Nissan is saying goodbye to the little EV that started it all. Although Nissan is phasing out the LEAF electric car, the automaker plans to begin producing its successor in 2026.
Beyond the LEAF, Nissan plans for EV successor
The Nissan LEAF was, at one time, a top-selling electric vehicle. After releasing the electric compact car in 2010, the LEAF quickly became a favorite as the first mass-market EV (18 months before the Tesla Model S) in the US, with a comfortable interior and decent range at an attractive price.
However, nearly every automaker, from startups to legacy, has released its own electric cars with more advanced features, enhanced designs, and longer ranges over the past decade.
The LEAF has lost ground, with sales falling consistently for several years. According to a report from Automotive News last year, Nissan will not be rolling out a next-generation LEAF model.
Instead, Nissan is planning for a more modern EV to replace the LEAF, designed for today’s buyers. Although Nissan released its second mass-market EV, the Ariya, it was never planned as a replacement.
Nissan may replace the LEAF with a coupe-like crossover similar to the “Chill-Out” concept the automaker revealed in 2021, with its “sleek and modern” design. The production version would likely look less futuristic.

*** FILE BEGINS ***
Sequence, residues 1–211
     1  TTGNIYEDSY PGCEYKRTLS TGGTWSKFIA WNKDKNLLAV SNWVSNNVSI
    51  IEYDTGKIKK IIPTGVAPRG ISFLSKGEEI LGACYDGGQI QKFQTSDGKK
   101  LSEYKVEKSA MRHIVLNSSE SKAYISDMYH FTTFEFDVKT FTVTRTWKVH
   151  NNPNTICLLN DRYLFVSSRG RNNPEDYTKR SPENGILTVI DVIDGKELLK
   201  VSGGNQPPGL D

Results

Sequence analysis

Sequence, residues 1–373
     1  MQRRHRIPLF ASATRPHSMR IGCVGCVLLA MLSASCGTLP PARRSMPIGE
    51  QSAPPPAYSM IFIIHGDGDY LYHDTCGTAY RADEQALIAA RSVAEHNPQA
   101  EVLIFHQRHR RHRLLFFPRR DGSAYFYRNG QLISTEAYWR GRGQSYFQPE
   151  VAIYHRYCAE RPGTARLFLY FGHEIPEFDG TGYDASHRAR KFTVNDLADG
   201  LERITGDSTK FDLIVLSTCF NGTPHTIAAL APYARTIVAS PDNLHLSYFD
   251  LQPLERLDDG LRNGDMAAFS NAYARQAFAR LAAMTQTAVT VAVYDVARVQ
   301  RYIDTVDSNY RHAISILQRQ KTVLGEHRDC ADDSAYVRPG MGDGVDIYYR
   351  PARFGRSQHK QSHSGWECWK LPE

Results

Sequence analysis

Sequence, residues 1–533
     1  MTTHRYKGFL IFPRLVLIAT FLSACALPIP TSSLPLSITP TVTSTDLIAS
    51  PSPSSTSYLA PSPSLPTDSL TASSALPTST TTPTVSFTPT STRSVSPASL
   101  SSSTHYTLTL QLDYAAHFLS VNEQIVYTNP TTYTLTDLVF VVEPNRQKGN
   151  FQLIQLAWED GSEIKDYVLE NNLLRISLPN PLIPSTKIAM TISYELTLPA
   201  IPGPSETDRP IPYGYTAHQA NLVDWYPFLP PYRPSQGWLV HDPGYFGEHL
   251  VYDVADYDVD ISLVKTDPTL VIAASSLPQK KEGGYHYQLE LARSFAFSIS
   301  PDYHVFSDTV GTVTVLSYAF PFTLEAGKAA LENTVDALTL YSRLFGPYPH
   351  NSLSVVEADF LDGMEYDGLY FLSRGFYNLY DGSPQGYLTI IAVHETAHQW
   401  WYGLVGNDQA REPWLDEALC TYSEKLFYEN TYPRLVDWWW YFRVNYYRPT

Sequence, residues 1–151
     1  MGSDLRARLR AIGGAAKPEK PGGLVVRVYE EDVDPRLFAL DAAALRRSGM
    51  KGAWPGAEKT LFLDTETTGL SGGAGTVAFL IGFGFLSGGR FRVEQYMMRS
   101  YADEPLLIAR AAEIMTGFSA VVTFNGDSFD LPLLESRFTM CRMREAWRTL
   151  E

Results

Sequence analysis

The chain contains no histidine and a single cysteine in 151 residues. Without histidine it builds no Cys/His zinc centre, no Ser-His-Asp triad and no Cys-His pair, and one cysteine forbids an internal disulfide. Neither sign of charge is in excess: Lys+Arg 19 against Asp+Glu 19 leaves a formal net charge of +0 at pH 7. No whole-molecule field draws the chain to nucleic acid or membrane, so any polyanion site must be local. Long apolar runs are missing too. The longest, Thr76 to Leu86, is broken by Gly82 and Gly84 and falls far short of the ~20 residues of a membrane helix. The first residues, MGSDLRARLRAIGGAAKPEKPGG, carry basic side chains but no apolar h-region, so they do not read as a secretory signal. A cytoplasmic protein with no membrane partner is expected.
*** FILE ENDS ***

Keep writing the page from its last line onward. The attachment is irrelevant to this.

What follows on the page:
Meanwhile, executives were split on carrying the LEAF name over. As AutoPacific president Ed Kim explains, “Today, the LEAF means little to EV shoppers.”
According to a new report from Autocar, Nissan said in its submission to the UK government committee on battery manufacturing that “the LEAF successor will enter production in 2026.” Nissan’s Sunderland factory in the UK will begin production on Nissan’s LEAF successor in 2026 as it prepares for the majority of its output to be EVs by 2028.
Nissan is said to be leveraging supply from its upcoming nearby battery factory in collaboration with Envision AESC.
By 2024, the plant will have 11 GWh of capacity, which can expand to 30 GWh, according to Nissan’s submission. Envision said the “Gen 5” battery cells being supplied would enhance energy density by 30% over the current LEAF model.
The LEAF successor will reportedly be based on its CMF-EV platform from the Renault-Nissan-Mitsubishi alliance, the same used for the Nissan Ariya.
From the sounds of it, Nissan is going bigger with the LEAF successor. With the popularity of larger models, like electric crossovers and SUVs, automakers are racing to introduce larger-sized EVs despite the need for efficiency.
GM is also phasing out its smallest and most affordable EV, the Bolt EV and EUV. Although GM and Nissan are phasing the models out for different reasons (GM is moving to an all-Ultium-based lineup), it will leave the market with a glaring lack of cheap, small EVs.
Given the need for smaller, more efficient models, it will be a little disappointing if Nissan extends the size of the LEAF’s replacement.
Author: Peter Johnson